Ziritaxestat Clinical Trials Discontinued
Galapagos NV and Gilead Sciences are discontinuing all clinical trials with the investigational medication ziritaxestat. This includes the long-term extension of the Phase 2a NOVESA trial in scleroderma, as well as the Phase 3 ISABELA program in idiopathic pulmonary fibrosis (IPF).
The decision is based on the recommendations of the ISABELA trials’ Independent Data Monitoring Committee (IDMC), which, after reviewing interim data, concluded the benefit-risk profile of the investigational medication did not support further clinical study. An IDMC is a group of independent experts who periodically review data from an ongoing trial to ensure its integrity and the safety of participants.
The trials’ investigators will be informed of the decision and contact individual participants to discontinue treatment, the companies said.
“We are very disappointed not to be able to bring a novel medication to patients suffering from such a devastating disease with high unmet need,” Walid Abi-Saab, MD, chief medical officer at Galapagos, said in a press release.
Ziritaxestat (also known as GLPG1690) is a small molecule that blocks the activity of autotaxin. This enzyme produces lysophosphatidic acid, a signaling molecule that promotes fibrosis (scarring) and inflammation in organs. Both scleroderma and IPF are characterized by abnormal scarring.
The clinical trial NOVESA (NCT03798366) recruited 33 adults who have had experienced symptoms of diffuse cutaneous scleroderma for up to five years, or who had new systemic (body-wide) symptoms other than Raynaud’s phenomenon two years prior to recruitment. The study’s main goal was to assess whether ziritaxestat (as oral tablets) helped treat the abnormal skin thickening seen in scleroderma, while also analyzing the therapy’s safety.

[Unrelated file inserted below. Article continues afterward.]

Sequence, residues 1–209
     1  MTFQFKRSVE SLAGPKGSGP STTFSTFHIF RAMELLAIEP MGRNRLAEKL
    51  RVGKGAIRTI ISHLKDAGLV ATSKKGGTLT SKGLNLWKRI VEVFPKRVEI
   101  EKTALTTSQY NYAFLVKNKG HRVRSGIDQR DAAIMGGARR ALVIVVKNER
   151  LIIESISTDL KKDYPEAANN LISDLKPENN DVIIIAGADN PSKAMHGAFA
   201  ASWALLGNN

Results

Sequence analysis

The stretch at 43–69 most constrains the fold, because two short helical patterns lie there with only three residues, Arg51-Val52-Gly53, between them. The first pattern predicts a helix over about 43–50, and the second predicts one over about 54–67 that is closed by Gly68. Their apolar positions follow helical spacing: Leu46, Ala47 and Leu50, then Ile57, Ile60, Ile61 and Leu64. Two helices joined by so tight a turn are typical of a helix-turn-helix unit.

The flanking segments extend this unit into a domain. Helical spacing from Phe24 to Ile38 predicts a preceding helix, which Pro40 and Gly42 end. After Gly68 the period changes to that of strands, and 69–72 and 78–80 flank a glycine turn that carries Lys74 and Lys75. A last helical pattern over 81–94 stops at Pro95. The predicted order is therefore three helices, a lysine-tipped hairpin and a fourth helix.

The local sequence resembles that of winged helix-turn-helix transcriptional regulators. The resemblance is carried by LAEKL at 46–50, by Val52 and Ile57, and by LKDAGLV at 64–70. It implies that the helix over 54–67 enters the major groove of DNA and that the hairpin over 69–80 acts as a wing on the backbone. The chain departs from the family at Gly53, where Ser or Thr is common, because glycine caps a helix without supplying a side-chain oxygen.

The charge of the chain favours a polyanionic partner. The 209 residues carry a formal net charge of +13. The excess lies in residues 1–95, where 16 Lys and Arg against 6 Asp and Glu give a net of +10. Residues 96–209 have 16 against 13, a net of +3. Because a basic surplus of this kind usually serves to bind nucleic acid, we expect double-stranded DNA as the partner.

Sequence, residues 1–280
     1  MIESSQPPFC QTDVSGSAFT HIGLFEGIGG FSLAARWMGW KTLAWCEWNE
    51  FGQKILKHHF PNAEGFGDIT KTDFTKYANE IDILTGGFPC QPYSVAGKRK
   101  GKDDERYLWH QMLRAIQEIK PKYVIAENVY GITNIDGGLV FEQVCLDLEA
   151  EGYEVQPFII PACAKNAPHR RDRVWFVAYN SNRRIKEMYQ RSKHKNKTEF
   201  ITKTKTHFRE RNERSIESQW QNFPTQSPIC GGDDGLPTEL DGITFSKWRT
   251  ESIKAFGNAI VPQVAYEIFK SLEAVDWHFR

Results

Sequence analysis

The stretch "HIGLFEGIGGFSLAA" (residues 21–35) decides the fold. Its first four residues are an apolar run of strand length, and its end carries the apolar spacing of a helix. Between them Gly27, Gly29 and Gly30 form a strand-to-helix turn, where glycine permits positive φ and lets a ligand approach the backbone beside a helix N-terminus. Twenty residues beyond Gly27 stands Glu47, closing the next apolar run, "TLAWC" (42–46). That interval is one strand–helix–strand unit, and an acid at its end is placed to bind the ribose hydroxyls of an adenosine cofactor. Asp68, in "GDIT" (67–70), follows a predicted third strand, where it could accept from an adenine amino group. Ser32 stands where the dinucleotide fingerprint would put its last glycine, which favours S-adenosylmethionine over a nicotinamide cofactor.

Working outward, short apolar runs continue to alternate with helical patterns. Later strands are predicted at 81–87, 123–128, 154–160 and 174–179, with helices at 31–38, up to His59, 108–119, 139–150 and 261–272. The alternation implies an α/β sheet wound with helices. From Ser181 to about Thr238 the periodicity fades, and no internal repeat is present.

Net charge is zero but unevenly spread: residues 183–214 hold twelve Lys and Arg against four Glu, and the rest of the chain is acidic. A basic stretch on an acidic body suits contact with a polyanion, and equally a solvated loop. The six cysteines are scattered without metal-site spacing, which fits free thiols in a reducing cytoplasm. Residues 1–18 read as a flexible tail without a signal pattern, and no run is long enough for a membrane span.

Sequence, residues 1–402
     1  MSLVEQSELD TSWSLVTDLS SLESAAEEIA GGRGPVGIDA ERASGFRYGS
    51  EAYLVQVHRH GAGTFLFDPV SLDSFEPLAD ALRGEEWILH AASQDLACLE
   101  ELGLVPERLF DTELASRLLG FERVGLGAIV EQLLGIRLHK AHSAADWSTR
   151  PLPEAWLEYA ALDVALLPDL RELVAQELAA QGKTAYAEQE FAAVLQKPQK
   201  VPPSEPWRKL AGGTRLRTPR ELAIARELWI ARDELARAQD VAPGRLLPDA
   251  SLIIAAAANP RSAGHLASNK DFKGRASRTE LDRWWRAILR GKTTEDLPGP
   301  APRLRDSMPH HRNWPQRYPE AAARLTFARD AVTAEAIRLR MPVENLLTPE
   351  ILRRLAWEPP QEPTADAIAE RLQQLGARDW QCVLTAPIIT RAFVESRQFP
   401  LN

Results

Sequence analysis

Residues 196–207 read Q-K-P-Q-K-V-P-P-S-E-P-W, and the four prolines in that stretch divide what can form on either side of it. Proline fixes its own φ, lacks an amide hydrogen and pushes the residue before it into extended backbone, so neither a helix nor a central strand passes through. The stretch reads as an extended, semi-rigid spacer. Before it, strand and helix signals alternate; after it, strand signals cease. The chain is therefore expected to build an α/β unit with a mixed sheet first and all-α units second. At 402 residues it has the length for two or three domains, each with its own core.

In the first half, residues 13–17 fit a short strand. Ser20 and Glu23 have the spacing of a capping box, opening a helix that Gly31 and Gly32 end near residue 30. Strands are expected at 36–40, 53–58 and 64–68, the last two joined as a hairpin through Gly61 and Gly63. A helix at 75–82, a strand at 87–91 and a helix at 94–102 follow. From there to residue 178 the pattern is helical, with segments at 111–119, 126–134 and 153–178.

The ISABELA program consists of two Phase 3 clinical trials with identical designs, named ISABELA 1 (NCT03711162) and ISABELA 2 (NCT03733444). These studies were designed to test the safety and effectiveness of ziritaxestat in 1,500 people with IPF.
“We would like to thank the patients and the medical professionals who participated in the ISABELA studies and contributed to the advancement of IPF research. We intend to learn from this data in our continued commitment to develop therapies in IPF and fibrosis,” Abi-Saab said.
“We are extremely disappointed by this news,” added Onno van de Stolpe, CEO of Galapagos. “Despite this setback, we remain committed to leveraging our novel target research engine and strong cash balance to discover potential therapies for IPF and fibrosis.”